Burst pipe at Jackson school damages building, cancels classes

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JACKSON, Mich. (WLNS) — Students at a school in Jackson are getting two extra days of winter break as their school cleans up from a burst pipe that flooded half a dozen classrooms.

Monday morning, staff returned to Paragon Charter Academy after winter break and found a big surprise.

It was raining indoors.

“There was water pouring in from a pipe up above. So I quickly ran back to my office, knew we had to cancel school for that day,” said Benjamin Kriesch, principal of Paragon Academy.

Kriesch says it appears a water pipe near the exterior of the building froze over break, then thawed, and burst open Sunday night.

“It was amazing how much water was coming in,” Kriesch said.

The water nearly flooded an entire wing of the school, soaking six classrooms.

“Down that hallway we have four kindergarten classrooms, and we have four first grade classrooms,” Kriesch says

Classes have been canceled for the past two days as crews clean up the watery mess.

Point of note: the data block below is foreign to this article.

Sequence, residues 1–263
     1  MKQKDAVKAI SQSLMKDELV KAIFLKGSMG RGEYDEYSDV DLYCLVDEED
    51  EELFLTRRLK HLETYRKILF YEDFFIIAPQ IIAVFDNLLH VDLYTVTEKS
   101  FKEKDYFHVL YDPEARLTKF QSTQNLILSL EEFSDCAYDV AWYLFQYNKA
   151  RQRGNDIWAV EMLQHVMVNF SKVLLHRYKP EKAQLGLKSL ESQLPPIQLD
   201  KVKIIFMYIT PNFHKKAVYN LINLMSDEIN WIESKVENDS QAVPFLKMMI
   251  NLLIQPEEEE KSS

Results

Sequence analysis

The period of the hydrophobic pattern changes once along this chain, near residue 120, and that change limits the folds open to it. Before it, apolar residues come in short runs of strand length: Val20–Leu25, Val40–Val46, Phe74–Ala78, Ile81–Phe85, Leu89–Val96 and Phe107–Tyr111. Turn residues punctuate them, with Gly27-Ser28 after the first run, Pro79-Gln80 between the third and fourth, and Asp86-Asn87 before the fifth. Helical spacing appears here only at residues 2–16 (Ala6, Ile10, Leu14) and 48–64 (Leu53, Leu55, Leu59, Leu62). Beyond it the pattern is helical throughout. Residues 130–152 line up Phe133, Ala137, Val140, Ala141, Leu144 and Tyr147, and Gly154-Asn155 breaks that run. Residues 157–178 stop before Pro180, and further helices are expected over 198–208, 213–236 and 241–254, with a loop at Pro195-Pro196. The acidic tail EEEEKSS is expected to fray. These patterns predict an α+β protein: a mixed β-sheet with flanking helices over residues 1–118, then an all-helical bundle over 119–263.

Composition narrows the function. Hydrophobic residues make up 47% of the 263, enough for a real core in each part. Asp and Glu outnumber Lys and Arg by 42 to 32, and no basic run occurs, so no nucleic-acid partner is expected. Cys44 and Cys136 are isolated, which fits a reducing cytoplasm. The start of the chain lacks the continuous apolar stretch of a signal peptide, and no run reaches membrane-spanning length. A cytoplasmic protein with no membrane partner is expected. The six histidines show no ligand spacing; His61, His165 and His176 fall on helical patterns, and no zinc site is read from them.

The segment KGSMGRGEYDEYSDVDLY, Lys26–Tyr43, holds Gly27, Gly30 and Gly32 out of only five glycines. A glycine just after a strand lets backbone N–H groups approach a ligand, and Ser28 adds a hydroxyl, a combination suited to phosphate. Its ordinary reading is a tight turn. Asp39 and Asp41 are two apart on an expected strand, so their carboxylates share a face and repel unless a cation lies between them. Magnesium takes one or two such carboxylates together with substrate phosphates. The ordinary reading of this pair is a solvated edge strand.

“It’s all hands on deck,” Kriesch said.

They’re planning on having school back in session Wednesday.

But the principal says students who learn in the impacted area will be learning elsewhere, as crews make repairs to this heavy water damage.

“We’ve relocated six of those seven classrooms into different rooms in the building, so unfortunately art is going to be on a cart for a while, music will be on a cart for a while. Library, technology, and computer science will be on a cart. So we’ve had to utilize those spaces,” Kriesch said.

Kriesch says the ceiling, drywall, and insulation around the burst pipe has to be replaced.

It’s also possible the water ruined classroom computers and tablets.

“We’re still kind of assessing,” Kriesch said.

While the school works with their insurance company, Principal Kriesch says they’re also looking at long-term fixes.

“We’re looking at actually re-plumbing where those water spigots are outside and making sure those are protected,” Kriesch said.

He’s looking forward to school starting back up with a new sense of community.

“We’ve seen just an outpouring of concern, and desire to make sure the school is okay and the staff is okay. That was really encouraging,” Kriesch said.

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